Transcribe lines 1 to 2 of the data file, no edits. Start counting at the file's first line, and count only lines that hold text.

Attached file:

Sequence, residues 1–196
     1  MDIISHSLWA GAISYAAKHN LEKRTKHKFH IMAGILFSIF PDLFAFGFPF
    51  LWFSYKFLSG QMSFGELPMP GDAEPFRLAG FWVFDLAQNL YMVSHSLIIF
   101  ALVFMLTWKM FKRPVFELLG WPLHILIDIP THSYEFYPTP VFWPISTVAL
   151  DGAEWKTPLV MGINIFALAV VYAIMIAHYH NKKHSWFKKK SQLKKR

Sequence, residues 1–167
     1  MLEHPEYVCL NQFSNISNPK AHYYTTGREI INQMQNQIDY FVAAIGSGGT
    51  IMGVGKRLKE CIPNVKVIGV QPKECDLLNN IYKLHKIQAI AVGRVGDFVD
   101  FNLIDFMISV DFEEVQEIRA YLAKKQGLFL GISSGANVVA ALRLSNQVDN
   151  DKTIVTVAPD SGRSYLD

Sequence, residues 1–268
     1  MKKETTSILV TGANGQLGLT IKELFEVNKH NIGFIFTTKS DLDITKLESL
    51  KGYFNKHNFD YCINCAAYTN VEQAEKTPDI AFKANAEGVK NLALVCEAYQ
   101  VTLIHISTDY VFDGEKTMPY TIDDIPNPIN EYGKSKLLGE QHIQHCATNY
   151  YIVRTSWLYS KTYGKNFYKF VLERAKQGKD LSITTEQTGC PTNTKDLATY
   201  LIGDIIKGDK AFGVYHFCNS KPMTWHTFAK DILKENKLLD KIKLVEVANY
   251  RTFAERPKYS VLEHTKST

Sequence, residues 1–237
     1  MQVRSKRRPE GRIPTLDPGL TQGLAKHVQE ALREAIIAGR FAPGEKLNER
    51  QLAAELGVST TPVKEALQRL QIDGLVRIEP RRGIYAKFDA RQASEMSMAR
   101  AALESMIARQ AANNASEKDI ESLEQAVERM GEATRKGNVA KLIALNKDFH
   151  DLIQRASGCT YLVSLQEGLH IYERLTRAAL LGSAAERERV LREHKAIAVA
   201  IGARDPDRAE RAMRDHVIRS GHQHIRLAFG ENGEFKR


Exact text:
Sequence, residues 1–196
     1  MDIISHSLWA GAISYAAKHN LEKRTKHKFH IMAGILFSIF PDLFAFGFPF